Now, in Tonga, before any seabed mining can commence, the requirements of the Seabed Minerals Act must be followed. This includes a stringent vetting process by government of any new project proposals, and public consultation if mining is proposed. Environmental impact assessment and ongoing monitoring are legal requirements under the Act, and government is given enforcement powers in order to maintain compliance with required performance standards. The Act also highlights the importance placed by Tonga on the protection and preservation of the marine environment, recognising the need to balance economic development for the people of Tonga against conservation of the biodiversity of the oceans.

Mr Taaniela Kula, Deputy Secretary for Natural Resources and the SPC-EU Deep Sea Minerals Project focal point in Tonga, thanked a wide range of stakeholders this week for their involvement in the law’s development, which commenced in 2012, including government colleagues and partners in the private sector and civil society – with special thanks to the EU and SPC for the Deep Sea Mineral Project’s assistance preparing an initial draft of the Act.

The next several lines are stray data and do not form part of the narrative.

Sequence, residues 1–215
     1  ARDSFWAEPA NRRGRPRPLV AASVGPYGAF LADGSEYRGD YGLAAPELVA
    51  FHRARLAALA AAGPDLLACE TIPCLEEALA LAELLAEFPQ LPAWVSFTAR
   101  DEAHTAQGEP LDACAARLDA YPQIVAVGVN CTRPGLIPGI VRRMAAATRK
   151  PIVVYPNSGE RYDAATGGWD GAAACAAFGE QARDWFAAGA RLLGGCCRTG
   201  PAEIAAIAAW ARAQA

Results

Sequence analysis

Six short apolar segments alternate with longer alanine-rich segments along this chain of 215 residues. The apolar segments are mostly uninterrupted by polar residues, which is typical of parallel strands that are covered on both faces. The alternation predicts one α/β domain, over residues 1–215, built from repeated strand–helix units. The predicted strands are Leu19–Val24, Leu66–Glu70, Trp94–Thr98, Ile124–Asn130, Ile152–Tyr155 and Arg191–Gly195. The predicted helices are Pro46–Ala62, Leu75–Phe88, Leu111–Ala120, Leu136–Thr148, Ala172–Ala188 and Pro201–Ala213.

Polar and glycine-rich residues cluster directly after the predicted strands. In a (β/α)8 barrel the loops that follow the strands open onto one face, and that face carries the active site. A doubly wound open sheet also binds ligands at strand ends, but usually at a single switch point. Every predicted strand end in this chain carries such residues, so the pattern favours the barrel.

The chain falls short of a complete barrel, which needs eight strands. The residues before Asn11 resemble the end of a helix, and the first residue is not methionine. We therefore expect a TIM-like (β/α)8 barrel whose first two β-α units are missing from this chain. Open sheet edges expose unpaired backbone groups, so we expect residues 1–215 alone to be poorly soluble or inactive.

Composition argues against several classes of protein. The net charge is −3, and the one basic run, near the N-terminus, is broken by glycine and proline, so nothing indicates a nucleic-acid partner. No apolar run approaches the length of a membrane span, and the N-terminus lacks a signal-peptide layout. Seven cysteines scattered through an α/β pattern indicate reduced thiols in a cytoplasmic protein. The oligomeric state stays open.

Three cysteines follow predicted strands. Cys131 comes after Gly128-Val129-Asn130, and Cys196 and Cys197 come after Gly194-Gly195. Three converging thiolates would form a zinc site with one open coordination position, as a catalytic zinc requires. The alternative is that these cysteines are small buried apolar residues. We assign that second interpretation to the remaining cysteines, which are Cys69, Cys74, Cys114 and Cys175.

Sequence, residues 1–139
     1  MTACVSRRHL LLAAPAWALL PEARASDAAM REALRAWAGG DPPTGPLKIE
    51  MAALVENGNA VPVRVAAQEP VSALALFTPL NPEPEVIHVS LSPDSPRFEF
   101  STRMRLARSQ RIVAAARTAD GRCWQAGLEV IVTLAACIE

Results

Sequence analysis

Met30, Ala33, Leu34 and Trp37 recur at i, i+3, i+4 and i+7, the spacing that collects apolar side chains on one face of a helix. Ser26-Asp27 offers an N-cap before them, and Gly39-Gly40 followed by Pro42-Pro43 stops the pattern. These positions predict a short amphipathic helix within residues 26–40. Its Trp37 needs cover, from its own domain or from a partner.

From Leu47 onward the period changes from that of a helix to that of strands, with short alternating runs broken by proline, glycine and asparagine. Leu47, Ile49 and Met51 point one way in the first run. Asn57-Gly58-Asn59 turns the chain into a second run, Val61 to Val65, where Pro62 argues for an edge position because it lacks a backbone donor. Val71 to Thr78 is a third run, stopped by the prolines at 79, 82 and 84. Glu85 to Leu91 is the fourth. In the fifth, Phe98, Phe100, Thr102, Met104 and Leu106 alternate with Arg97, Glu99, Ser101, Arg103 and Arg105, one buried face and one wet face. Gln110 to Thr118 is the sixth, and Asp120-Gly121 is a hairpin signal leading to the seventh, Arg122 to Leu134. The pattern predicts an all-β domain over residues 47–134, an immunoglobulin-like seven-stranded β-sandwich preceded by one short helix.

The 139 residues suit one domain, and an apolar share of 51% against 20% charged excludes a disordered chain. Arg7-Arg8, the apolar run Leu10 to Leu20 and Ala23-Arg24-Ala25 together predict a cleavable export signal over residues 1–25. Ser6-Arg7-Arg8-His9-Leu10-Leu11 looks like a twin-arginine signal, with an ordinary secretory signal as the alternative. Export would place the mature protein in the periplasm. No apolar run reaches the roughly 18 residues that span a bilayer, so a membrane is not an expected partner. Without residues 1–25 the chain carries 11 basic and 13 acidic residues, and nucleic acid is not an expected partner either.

European Union Ambassador to the Pacific Andrew Jacobs, upon receiving a copy of the Seabed Minerals Act 2014, commented: ‘I wish to congratulate Tonga for this bold move, which will allow the Kingdom to effectively regulate and fully participate in deep sea mineral activities. The EU is pleased to have been able to contribute to this world premiere. Tonga is now equipped with a set of tools and regulations that will allow it to maximise the benefits of deep sea mining for its population.’

Prof. Mike Petterson, the Director of SPC’s Applied Geoscience and Technology Division, which hosts the SPC-EU Deep Sea Minerals Project, added his congratulations to Tonga for its great achievement: